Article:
• finance systems, which enable project sponsors, managers and teams to see, their operational figures “live”
  • resource management so you can take account of constraints in choosing and implementing your projects.

Hunter Thompson, in 1970, said “In a democracy, people usually get the kind of government they deserve and they deserve what they get.” In this he blames the people in a democracy. Organisations, however are not democracies and so I would turn that quotation on its head:

Senior teams get the project management performance they deserve“.

The CEO sets the culture and “the way they want to run their business” and the following list indicates where the culture and values promote failure, rather than success. Running a project is difficult enough, but we often make it more arduous than it need be by creating problems for ourselves. Here are a few examples:

  1. Reorganising – either the company or a part of it. Tinkering with your structure is usually NOT the solution to your problems, it just confuses people. If you are a senior executive, however, reorganising is a great way to hide non-delivery!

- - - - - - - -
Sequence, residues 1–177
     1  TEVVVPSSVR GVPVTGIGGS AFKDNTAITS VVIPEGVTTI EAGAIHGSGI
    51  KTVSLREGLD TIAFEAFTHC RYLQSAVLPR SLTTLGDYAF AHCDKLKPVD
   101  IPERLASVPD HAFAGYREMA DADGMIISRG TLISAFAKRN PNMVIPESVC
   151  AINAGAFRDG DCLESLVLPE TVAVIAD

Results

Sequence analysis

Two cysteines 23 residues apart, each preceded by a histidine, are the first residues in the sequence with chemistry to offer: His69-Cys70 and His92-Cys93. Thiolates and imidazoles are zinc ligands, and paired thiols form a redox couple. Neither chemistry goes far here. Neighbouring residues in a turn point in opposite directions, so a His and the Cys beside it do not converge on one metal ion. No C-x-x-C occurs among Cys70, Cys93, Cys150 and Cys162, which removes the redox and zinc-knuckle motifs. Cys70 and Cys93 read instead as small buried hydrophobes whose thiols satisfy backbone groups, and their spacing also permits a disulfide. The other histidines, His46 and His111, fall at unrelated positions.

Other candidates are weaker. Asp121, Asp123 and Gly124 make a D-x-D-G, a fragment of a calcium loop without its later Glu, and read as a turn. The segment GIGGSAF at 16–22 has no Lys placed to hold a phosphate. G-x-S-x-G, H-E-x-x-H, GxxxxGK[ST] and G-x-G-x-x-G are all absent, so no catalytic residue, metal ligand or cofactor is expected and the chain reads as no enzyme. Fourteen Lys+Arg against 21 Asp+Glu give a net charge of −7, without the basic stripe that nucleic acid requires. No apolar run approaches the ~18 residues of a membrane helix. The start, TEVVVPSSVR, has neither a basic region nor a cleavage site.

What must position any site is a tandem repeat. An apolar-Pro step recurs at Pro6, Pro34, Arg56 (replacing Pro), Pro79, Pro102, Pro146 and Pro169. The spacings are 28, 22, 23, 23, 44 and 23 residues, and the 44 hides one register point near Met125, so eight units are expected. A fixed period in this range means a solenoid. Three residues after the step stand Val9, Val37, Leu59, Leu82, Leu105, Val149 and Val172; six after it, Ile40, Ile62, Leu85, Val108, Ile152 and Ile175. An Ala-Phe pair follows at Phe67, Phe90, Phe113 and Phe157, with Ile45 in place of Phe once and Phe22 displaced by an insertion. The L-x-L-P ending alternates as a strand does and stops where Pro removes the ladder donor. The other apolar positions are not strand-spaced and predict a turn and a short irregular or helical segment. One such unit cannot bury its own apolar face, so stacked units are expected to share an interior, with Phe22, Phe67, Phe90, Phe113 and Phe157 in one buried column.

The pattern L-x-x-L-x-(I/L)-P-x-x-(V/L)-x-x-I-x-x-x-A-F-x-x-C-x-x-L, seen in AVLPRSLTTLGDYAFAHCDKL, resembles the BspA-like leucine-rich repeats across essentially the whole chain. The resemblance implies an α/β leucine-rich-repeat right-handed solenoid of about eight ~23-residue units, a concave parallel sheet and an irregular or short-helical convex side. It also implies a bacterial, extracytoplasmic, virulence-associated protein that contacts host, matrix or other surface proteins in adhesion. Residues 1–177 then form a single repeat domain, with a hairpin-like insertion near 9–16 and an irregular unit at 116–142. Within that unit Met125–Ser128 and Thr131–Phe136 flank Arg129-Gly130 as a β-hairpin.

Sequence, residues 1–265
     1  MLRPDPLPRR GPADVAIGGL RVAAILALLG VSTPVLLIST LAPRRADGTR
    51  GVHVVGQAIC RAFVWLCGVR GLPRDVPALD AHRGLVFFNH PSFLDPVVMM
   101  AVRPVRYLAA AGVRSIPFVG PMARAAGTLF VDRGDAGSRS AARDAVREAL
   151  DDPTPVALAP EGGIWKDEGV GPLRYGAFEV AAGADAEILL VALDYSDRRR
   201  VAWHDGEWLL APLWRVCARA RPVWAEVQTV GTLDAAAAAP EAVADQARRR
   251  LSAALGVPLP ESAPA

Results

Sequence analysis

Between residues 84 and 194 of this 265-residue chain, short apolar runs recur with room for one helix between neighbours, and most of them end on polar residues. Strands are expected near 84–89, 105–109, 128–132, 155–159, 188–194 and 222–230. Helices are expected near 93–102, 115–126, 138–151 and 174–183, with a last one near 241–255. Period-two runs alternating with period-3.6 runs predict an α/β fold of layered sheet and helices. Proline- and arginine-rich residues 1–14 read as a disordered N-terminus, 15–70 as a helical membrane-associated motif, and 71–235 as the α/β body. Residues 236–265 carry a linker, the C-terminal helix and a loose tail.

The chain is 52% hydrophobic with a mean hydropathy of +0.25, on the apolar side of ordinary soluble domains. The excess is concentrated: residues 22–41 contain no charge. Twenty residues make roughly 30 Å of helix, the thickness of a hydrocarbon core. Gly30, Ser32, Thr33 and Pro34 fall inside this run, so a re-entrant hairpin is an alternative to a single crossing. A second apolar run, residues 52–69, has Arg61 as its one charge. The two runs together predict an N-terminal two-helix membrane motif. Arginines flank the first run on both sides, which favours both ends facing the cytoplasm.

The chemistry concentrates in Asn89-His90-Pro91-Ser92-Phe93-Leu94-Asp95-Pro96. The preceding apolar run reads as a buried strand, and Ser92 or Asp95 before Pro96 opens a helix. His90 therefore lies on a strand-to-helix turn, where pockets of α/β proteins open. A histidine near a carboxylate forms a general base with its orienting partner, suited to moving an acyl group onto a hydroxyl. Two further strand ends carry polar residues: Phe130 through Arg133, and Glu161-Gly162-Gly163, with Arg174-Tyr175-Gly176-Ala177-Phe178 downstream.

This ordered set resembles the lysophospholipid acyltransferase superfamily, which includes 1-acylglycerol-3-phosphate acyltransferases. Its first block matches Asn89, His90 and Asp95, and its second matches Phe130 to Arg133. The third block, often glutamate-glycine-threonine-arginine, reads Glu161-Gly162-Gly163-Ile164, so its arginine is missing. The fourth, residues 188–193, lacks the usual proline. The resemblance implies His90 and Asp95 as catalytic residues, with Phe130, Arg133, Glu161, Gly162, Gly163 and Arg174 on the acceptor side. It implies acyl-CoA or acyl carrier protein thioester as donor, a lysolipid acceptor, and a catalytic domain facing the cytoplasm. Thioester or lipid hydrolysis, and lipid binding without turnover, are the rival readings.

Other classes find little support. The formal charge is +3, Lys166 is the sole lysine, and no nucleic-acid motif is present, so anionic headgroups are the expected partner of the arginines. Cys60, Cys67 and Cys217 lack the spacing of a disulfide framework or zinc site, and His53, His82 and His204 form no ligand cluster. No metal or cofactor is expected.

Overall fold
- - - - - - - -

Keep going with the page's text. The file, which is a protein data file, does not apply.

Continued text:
2. Functional thinking – not taking the helicopter, the organisation-wide view. This often happens when executives’ or individuals’ bonuses are based on targets which are at odds with the organisation’s needs, e.g. sales bonus rewarded on revenue, regardless of profit or contribution.
  3. Having too many rules – the more rules you have, the more sinners you create and the less happy your people become. Have you ever met a happy bureaucrat?
  4. Disappearing and changing sponsors – without a sponsor there should be no project. Continual changing of the ‘driver’ will cause you to lose focus and forget WHY you are undertaking the project. Consider terminating such a project to see who really wants it!
  5. Ignoring the risks – risks don’t go away, so acknowledge them and manage them. If I said that a certain aeroplane is likely to crash, would you fly on it? And yet, every day executives approve projects when a simple risk analysis shows they are highly likely to fail.
  6. Dash in and get on with it! – if a project is that important, you haven’t the time NOT to plan your way ahead. High activity levels do not necessarily mean action or progress.